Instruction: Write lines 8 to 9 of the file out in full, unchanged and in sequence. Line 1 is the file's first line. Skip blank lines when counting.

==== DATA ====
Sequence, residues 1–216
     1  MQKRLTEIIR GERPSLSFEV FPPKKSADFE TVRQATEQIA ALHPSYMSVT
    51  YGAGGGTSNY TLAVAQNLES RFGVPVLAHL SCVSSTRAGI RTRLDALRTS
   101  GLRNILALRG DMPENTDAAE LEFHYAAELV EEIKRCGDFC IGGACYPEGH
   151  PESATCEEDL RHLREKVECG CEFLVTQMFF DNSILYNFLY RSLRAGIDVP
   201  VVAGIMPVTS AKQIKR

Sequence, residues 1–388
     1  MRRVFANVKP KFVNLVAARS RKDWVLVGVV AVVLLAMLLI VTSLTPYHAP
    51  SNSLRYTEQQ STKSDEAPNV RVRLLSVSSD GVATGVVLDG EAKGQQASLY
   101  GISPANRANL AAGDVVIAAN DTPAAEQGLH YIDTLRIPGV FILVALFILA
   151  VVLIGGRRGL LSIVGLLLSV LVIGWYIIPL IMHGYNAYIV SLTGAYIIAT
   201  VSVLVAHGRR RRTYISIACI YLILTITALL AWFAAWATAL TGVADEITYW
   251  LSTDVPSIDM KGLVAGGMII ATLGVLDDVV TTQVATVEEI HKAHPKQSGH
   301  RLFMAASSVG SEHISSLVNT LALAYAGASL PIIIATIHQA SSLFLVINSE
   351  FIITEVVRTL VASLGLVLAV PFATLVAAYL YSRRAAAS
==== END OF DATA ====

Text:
     1  MRRVFANVKP KFVNLVAARS RKDWVLVGVV AVVLLAMLLI VTSLTPYHAP
    51  SNSLRYTEQQ STKSDEAPNV RVRLLSVSSD GVATGVVLDG EAKGQQASLY